As Violence Grows Along Border, Congress Debates Funding for Fighting Mexican Drug Cartels

As Violence Grows Along Border, Congress Debates Funding for Fighting Mexican Drug Cartels

CIUDAD JUÁREZ, Mexico - Despite a number of significant steps to increase security along the U.S.-Mexican border in recent years, violence along the frontier is growing as Mexican drug cartels increase their involvement in human and drug smuggling into the United States. Meanwhile, a Bush administration initiative to provide significant law enforcement aid to Mexico is stalled in Congress amid old questions about the best way to fight the drug war.

Since 2001, the Bush administration has increased the number of border patrol agents from 9,000 to 15,000, with another 3,000 to be added by the time Bush leaves office. Funding for border security initiatives have increased under Bush from $4.8 billion in 2001 to $12.3 billion this year, and plans call for having 670 miles of enhanced border fence in place by the end of Bush's presidency.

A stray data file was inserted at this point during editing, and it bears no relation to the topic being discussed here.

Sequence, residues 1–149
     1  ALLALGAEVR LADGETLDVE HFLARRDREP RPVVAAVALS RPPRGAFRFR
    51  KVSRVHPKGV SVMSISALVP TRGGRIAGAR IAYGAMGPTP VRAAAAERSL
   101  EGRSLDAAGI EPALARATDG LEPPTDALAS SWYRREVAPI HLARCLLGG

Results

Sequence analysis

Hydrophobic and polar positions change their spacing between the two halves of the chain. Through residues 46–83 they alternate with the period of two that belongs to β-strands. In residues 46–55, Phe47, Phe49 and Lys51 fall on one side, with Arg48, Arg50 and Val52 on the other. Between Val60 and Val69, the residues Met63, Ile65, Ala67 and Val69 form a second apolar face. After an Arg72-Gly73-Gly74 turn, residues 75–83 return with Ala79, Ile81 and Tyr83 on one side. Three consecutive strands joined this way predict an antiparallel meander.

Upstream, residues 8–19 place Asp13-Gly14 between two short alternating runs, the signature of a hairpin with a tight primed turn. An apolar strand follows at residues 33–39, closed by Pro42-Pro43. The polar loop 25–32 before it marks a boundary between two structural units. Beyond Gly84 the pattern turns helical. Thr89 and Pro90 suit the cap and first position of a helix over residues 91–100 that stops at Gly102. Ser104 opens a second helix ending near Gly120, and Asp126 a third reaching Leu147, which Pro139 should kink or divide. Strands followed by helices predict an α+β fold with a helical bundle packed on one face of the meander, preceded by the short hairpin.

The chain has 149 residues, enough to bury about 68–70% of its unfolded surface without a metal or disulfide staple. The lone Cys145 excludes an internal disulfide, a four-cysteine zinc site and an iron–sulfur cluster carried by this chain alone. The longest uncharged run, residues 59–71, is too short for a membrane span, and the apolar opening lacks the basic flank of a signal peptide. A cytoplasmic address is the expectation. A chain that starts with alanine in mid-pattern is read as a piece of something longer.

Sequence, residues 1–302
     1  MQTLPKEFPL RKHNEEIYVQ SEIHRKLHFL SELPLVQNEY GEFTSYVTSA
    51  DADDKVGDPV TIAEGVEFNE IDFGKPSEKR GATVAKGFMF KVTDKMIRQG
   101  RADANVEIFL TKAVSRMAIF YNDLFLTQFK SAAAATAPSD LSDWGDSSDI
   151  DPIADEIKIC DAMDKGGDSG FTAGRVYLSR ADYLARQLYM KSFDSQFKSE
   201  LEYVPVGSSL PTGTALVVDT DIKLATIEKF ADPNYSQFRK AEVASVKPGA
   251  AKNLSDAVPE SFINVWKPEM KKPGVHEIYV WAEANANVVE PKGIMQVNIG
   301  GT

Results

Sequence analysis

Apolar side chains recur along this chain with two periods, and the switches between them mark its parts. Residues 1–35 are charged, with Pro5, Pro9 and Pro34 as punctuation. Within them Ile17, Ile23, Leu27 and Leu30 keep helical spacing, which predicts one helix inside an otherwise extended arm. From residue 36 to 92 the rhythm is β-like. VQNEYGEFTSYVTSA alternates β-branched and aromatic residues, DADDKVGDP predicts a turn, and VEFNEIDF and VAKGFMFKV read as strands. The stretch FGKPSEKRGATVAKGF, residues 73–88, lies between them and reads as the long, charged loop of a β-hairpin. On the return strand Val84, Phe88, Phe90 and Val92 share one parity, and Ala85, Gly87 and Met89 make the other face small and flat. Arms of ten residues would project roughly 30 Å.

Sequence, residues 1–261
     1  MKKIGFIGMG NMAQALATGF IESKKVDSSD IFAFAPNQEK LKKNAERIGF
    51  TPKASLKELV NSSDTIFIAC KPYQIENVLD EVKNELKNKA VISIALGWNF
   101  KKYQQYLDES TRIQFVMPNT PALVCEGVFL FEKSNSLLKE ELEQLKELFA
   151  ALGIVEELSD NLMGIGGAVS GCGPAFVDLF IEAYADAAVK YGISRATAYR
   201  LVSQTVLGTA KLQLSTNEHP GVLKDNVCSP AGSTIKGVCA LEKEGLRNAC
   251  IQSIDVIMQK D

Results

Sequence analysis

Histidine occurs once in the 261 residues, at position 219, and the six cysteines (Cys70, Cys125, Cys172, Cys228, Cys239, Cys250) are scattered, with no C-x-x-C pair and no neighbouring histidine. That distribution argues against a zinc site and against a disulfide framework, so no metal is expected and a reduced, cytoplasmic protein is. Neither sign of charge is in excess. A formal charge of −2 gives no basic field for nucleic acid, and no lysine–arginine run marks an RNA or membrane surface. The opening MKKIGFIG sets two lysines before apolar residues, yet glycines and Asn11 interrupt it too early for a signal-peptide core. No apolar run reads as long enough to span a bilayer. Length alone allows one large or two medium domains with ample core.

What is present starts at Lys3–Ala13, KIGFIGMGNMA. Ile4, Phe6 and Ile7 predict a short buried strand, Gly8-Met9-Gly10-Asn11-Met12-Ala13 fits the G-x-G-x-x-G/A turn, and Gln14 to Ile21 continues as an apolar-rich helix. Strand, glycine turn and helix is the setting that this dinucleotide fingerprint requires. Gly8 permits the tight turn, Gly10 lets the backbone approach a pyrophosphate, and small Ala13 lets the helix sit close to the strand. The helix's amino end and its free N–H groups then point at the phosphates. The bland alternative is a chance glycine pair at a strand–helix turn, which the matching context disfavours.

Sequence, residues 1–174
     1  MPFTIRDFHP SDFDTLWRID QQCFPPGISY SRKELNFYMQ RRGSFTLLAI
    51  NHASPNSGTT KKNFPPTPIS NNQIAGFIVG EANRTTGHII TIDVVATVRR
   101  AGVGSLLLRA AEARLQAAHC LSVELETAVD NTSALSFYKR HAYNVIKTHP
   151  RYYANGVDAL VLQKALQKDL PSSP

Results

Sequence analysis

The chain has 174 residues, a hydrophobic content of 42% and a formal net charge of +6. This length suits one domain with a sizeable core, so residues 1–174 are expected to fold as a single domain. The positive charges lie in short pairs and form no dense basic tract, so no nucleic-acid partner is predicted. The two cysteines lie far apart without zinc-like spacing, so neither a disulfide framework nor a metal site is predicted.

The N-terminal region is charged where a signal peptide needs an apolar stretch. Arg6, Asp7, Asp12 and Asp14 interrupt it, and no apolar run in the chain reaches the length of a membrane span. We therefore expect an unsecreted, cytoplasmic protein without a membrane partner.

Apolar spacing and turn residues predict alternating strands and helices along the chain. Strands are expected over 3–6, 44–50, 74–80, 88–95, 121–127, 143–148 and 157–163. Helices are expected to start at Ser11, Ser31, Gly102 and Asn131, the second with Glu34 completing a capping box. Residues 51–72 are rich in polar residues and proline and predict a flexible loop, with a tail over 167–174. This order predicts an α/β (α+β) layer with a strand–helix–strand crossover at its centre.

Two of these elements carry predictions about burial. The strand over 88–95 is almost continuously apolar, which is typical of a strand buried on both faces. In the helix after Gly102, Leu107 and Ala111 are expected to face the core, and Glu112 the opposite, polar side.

It is difficult to gauge with hard statistics just how well these measures have worked. But local and federal law enforcement officials in Arizona and Texas, academics, activists and migrants themselves all agree that, in recent years, it is much harder to get into the United States illegally from Mexico.

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